This adventure launches on Saturday, April 23, 2022, at 10 am with the start of the 2022 season at the Conestoga Area Historical Society. It runs until Sunday, December 11, 2022.
Difficulty: 🤠 This adventure is perfect for elementary students.
Distance: Inside the main museum building.
What to bring: Something to write with, your thinking cap, and a printout of this PDF.
Where to go: The Conestoga Area Historical Society is located at 51 Kendig Rd, Conestoga, PA 17516. Click here for directions. Be sure to check their hours before going. Open Saturdays and Sundays from 1 to 4 pm from April 23, 2022, through December 11, 2022.
Directions: Answer the questions on page one of the Conestoga Area Historical Society Museum Search handout for a Conestoga Wagon wooden nickel. Answer all 12 for a wooden nickel and a replica arrowhead. Show your completed form to a museum docent or volunteer to claim your prize.
If you can answer the six questions on page one of the Conestoga Area Historical Society Museum Search handout you earn a Conestoga Wagon wooden nickel. Show your completed form to a museum docent or volunteer to claim your prize.
Here’s a screenshot of the questions.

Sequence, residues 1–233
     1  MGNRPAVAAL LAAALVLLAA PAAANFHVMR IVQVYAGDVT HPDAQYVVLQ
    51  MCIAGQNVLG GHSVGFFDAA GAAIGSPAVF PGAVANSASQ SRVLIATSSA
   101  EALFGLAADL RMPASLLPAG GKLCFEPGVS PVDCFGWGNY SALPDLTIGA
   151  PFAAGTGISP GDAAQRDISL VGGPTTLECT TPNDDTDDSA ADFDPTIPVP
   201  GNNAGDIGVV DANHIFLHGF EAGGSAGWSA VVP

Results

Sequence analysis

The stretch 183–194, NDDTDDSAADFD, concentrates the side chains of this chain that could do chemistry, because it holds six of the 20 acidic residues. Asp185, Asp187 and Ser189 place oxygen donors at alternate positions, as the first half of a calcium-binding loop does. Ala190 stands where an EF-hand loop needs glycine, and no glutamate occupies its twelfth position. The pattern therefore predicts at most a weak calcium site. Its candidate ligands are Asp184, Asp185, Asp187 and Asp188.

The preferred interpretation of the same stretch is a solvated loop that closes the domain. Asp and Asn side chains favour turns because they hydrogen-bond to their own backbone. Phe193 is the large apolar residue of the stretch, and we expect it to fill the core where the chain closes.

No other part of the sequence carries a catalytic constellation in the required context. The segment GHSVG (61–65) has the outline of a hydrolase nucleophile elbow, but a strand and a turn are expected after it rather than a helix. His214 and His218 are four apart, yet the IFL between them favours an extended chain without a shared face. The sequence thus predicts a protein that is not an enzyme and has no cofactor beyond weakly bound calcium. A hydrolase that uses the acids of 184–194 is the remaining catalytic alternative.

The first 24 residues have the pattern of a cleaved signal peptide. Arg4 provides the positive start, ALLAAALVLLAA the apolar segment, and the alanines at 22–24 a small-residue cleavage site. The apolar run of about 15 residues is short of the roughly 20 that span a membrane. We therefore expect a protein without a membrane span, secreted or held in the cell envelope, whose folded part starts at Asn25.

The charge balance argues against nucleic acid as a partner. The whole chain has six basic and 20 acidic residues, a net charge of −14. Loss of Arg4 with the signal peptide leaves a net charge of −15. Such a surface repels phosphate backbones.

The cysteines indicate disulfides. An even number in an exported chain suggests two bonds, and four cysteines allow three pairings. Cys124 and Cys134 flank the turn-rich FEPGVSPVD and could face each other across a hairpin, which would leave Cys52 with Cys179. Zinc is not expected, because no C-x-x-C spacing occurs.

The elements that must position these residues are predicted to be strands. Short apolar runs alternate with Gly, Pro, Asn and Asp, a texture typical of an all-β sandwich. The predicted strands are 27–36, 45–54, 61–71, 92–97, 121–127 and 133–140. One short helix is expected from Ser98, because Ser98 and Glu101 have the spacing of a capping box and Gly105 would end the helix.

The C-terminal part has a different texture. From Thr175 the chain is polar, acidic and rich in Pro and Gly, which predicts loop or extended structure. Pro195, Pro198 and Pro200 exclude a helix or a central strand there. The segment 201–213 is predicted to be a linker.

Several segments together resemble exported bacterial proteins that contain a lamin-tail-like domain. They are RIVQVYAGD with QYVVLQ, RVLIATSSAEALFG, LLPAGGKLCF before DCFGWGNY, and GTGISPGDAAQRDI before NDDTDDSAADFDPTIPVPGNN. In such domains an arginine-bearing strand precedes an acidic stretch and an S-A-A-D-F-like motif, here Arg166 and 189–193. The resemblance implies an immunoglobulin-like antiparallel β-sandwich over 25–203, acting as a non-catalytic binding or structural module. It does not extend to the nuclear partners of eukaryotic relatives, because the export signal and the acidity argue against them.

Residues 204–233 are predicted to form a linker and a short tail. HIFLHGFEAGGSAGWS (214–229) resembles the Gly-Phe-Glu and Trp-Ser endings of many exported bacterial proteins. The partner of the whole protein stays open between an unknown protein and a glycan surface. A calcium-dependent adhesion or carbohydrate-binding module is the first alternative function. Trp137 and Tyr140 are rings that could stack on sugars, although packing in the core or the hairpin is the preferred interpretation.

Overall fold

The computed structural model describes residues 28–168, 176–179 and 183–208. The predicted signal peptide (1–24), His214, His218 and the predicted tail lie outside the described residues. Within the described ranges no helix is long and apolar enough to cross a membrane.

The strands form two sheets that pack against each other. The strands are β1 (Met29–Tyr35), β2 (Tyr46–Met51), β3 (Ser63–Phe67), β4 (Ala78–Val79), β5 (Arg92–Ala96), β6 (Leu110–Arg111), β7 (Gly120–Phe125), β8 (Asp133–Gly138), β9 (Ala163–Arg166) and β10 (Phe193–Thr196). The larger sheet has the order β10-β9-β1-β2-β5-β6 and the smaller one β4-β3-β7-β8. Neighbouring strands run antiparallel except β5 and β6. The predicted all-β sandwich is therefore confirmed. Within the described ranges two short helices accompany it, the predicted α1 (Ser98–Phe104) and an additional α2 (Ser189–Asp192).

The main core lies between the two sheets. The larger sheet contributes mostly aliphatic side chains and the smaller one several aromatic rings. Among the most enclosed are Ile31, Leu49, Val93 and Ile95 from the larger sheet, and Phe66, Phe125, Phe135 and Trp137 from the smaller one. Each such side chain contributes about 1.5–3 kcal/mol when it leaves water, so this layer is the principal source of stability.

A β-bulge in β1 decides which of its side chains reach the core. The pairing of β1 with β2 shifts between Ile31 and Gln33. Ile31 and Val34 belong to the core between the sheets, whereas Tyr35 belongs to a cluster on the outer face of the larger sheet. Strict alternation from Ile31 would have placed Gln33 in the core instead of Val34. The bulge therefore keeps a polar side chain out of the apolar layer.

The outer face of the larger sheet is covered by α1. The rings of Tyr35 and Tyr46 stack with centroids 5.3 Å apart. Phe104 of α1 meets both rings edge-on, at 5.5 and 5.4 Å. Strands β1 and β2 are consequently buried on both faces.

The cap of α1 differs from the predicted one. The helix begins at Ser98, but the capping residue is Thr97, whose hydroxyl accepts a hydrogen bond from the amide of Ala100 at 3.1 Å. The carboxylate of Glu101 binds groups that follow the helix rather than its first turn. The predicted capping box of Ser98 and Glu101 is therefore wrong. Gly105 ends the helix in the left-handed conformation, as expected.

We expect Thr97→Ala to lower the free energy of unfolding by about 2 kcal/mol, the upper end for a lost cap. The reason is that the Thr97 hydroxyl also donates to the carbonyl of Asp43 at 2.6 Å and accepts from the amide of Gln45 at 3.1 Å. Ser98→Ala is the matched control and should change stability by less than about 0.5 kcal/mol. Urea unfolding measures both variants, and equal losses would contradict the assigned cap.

If you answer all 12 questions you earn a wooden nickel and a replica arrowhead. Show your completed form to a museum docent or volunteer to claim your prize.
Want to Learn More?
The Conestoga wagon, as known as “the ship of inland commerce,” was used for over a century to grow the nation’s business and westward expansion. Click here to read more.
Beginning in the late 1800s, a system of trolleys ran all over Lancaster County. One line went from Millersville to Pequea. Owned by the Lancaster & York Furnace Street Railway Company, the “Pequea Trolley,” as it was locally known, was part of an effort in the early 1900s to commercially develop Pequea as a summer resort. Click here to learn more.
Pequea Silver Mine
The Pequea Silver Mines, located about five miles south of Lancaster, operated off and on for more than 200 years, but perhaps as many as 300. Today evidence remains of three mines and a vertical shaft, but no one fully knows what workings are below the ground. Go down in history when you explore the 300-year-old abandoned Pequea Silver Mines. Click the link to learn more.
Safe Harbor Iron Works
In 1846, Reeves Abbot & Company from Philadelphia selected the Safe Harbor area to build the Safe Harbor Iron Work to manufacture railroad rails. This location was ideal for two reasons. First was the discovery of vast amounts of iron ore in the immediate vicinity. The second was the easy access to canals on both the Susquehanna and Conestoga Rivers. Click here to learn more.